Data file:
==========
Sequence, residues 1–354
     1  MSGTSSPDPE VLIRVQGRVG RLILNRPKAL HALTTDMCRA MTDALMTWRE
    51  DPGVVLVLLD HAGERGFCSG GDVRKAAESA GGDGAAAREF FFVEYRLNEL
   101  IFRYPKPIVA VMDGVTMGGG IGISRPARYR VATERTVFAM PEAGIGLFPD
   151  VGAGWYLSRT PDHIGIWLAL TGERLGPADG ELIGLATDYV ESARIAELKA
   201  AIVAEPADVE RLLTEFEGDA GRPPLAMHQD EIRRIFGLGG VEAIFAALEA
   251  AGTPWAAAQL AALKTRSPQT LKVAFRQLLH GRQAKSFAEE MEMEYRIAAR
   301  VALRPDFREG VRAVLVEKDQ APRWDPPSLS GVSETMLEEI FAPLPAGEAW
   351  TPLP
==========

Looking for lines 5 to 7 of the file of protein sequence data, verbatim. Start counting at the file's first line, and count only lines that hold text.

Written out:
   151  VGAGWYLSRT PDHIGIWLAL TGERLGPADG ELIGLATDYV ESARIAELKA
   201  AIVAEPADVE RLLTEFEGDA GRPPLAMHQD EIRRIFGLGG VEAIFAALEA
   251  AGTPWAAAQL AALKTRSPQT LKVAFRQLLH GRQAKSFAEE MEMEYRIAAR